For Immediate Release:
Announced this week, the Made in Brighton: Games Gone Global conference brings together Brighton's game development community to learn from, and be inspired by, the city's home-grown talent. The conference lineup of Brighton's industry-leading developers aims to candidly explore the lessons learned through creating games for the international marketplace, and showcases Brighton as the centre of the UK video games industry.
Despite huge changes in business models, budgets and platforms in recent years, Brighton has remained the UK's most prominent digital city. Following 2011's closure of Black Rock Studios, Brighton's game scene has altered dramatically, with a host of small studios formed or fed with former Disney developers. The Made in Brighton: Games Gone Global conference celebrates the city's closely knit gaming community, telling the stories of it's recent successes on the global stage.
Boss Alien's Jason Avent shares the secret to a happy, successful studio, following the international success of CSR Racing on iOS. Jason considers Boss Alien's year-long journey from "zero-to-success", sharing what you need to know, and the essence of building a games studio.
Balancing creative endeavour with commercial reality can be a challenge when all you want to do is make great games. Work for hire and other business models can help cultivate the best environment to create and own original IP in the long term - but what options are available and which is best for you? Nick Baynes, studio head of BigBit shares his lessons from the business of start-up studios with Made in Brighton: Games Gone Global.
FuturLab Managing Director James Marsden shares his experience of convincing the world your game is worth supporting - from publishers and platform holders to games press and, critically, gamers themselves. James' honest and revealing talk highlights techniques he's used over the last 6 years to get indie projects underway, published and successfully promoted.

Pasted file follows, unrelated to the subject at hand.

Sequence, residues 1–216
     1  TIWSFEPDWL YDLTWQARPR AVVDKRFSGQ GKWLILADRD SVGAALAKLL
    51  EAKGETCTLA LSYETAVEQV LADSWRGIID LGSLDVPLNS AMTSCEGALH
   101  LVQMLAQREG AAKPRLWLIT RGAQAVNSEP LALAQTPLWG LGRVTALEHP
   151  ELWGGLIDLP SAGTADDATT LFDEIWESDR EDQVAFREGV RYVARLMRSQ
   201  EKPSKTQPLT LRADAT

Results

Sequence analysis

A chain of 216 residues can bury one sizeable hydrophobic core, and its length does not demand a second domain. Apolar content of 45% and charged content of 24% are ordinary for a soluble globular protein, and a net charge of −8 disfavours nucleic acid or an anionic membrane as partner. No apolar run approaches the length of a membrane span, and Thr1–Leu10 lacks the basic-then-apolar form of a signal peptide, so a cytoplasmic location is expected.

Since 2010, Relentless Software have been working with Microsoft to re-define interactive television. David Amor, Relentless co-founder, shares the studio's Kinect Nat Geo TV journey: the next generation of television that puts aside the laptop and iPad, and uses interaction to engage viewers.
Finally, Guardian Gamesblog's Simon Parkin hosts a panel of leading Brighton developers to discuss the lessons from the conference talks, the future of Brighton's game scene, and answer audience questions.
Made in Brighton: Games gone Global highlights Brighton’s continuing prominence in the international video games industry, as the city continues to produce innovative, successful games despite radical changes in the way consumers play and pay for games. The conference is held as part of the Brighton Digital Festival , which celebrates all creative digital industry throughout the city, with a series of events held throughout September.
Tickets for Made in Brighton: Games Gone Global are on sale now, at just £12+VAT/Fees. For more details, visit the conference website.
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